"Telemedicine helps us make the best of behavioral healthcare widely available, allowing us to reach many more patients at scale. Areas of the country that might not have been able to attract top-flight practitioners to move there can now bring the best of the best into their homes. It also helps get undiagnosed people the access to services they need," Whitehouse says.

Telepsychiatry can play an essential role in providing access to behavioral health services in rural areas of the country, says David Fingerhut, PhD, MS, MA, director of mental health services at Indianapolis-based Activate Healthcare and an assistant professor of clinical psychology in the Department of Psychiatry at Indiana University School of Medicine in Indianapolis.

"Here in Indiana, we have a similar geography to many other states, where you have multiple metropolitan areas and wide swaths of territory that are rural. In many rural communities, you don't have a mental health provider within 50, 60, or 70 miles. Conducting telemedicine opens avenues to treatment in these rural areas," Fingerhut says.

Marina Montez, MS, LPC-S, owner and practitioner at Bluebonnet Counseling Services in San Antonio, says telemedicine—which accounts for about half of her client visits—is well suited for her therapy work with children and adolescents.

"Treatment is usually six months long to address the negative thinking the child may be experiencing. With telehealth, I am no longer dependent on a parent bringing a child to an appointment—it's a lot of work to get your child to a therapist's office. If a parent must miss work, the reality is that they only have so many days they can take off. With telehealth, it is very cost-effective for the parent to have a child in therapy—people can do it."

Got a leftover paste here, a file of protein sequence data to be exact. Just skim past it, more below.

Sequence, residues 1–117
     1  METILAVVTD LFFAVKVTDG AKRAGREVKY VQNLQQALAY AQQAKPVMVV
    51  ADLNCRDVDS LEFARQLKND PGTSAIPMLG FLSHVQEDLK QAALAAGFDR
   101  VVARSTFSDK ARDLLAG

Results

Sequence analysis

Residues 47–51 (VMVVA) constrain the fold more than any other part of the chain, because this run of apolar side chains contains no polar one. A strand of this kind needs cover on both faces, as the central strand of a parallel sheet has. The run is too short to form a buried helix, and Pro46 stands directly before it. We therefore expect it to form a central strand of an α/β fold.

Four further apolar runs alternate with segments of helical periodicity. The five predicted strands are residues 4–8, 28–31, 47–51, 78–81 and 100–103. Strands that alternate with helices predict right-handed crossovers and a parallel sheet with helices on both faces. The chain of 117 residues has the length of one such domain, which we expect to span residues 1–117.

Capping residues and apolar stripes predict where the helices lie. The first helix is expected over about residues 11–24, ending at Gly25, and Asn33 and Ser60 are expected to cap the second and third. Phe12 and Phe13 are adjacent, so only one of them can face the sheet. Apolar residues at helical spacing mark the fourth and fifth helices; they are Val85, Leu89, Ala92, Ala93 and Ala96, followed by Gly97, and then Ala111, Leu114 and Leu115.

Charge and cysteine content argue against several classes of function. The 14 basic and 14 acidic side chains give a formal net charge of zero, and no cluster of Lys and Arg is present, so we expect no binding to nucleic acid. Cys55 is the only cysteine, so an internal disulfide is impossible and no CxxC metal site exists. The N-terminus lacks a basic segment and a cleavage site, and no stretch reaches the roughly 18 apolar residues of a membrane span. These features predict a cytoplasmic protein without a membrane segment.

Financially, telemedicine has helped grow Montez's therapy practice. "I started out as a sole proprietor, and telehealth made it possible for me to become an agency and hire clinicians to work for me," she says.

Bluebonnet Counseling Services offers telemedicine visits through South Jordan, Utah–based AdvancedMD, which has not only a telehealth platform but also business function support, Montez says. "At the end of the session, I can bill for it, and the claim is pushed through a clearinghouse. There is a scrubber to make sure that the claim is clean, and it is pushed on to the insurance companies for payment."

Therapy sessions at Bluebonnet Counseling Services cost $90 per hour, she says. "With the insurance, the payers pay the same amount whether the patient comes into my office or I see a patient on telehealth. So, seeing patients through telehealth does not impact my bottom line. The insurance pays $70 for my visits; so, there is a $20 copayment as well."

Telepsychiatry is a prime example of recent advances in behavioral health, Fingerhut says. "I am much more optimistic about where behavioral health is going than ever before, and I'm very excited to see where we go from here."

Photo credit: David Parker is president of ProMedica HCR ManorCare in Toledo, Ohio. (Tom McKenzie/Getty Images)

Christopher Cheney is the senior clinical care​ editor at HealthLeaders.


KEY TAKEAWAYS

The shift to value-based care and stingy payer reimbursement rates have made achieving a positive operating margin challenging at health systems and hospitals.

To maintain profitability, healthcare organizations are being forced into cost cutting or pursuing growth strategies.